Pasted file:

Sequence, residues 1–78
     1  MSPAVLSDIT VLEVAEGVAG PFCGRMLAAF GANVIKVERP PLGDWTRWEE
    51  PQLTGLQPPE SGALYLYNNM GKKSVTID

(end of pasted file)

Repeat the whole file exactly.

Sequence, residues 1–78
     1  MSPAVLSDIT VLEVAEGVAG PFCGRMLAAF GANVIKVERP PLGDWTRWEE
    51  PQLTGLQPPE SGALYLYNNM GKKSVTID